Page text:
The trigeminal ganglion contains the cell bodies of sensory neurons comprising cranial nerve V, which relays information related to pain, touch, and temperature from the face and head to the brain. Like other cranial ganglia, the trigeminal ganglion is composed of neuronal derivatives [...] Read more.
The trigeminal ganglion contains the cell bodies of sensory neurons comprising cranial nerve V, which relays information related to pain, touch, and temperature from the face and head to the brain. Like other cranial ganglia, the trigeminal ganglion is composed of neuronal derivatives of two critical embryonic cell types, neural crest and placode cells. Neurogenesis within the cranial ganglia is promoted by Neurogenin 2 (Neurog2), which is expressed in trigeminal placode cells and their neuronal derivatives, and transcriptionally activates neuronal differentiation genes such as Neuronal Differentiation 1 (NeuroD1). Little is known, however, about the role of Neurog2 and NeuroD1 during chick trigeminal gangliogenesis. To address this, we depleted Neurog2 and NeuroD1 from trigeminal placode cells with morpholinos and demonstrated that Neurog2 and NeuroD1 influence trigeminal ganglion development. While knockdown of both Neurog2 and NeuroD1 affected innervation of the eye, Neurog2 and NeuroD1 had opposite effects on ophthalmic nerve branch organization. Taken together, our results highlight, for the first time, functional roles for Neurog2 and NeuroD1 during chick trigeminal gangliogenesis. These studies shed new light on the molecular mechanisms underlying trigeminal ganglion formation and may also provide insight into general cranial gangliogenesis and diseases of the peripheral nervous system. Full article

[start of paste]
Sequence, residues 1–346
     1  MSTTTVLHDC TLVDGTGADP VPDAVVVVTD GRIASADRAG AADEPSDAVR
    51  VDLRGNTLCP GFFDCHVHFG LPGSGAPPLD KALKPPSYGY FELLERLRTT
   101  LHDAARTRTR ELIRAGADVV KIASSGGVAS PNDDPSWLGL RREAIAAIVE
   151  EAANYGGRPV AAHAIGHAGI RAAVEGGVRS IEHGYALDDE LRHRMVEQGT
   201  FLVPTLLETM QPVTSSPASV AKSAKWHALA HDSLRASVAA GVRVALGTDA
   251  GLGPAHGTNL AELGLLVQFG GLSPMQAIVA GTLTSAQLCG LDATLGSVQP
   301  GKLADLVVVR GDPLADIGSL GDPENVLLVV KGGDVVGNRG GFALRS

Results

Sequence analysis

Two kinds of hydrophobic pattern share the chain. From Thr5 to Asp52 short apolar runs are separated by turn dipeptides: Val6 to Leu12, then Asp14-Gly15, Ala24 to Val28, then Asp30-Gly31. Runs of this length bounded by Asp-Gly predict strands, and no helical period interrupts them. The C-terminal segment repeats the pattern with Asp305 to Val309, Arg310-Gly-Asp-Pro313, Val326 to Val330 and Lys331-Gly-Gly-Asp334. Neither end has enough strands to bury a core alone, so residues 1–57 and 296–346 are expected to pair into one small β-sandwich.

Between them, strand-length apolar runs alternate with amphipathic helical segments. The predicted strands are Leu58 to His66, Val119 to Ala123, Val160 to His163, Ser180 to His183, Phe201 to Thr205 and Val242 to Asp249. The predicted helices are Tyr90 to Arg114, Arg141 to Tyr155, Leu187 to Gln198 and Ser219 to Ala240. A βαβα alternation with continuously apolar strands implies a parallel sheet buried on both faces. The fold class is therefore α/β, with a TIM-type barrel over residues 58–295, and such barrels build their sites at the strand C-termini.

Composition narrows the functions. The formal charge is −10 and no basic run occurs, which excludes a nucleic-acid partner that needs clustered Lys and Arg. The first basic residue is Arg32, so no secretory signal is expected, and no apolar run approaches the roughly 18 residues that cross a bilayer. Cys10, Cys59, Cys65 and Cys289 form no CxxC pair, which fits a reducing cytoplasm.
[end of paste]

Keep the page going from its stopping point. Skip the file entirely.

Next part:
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2 pages, 166 KiB  
Editorial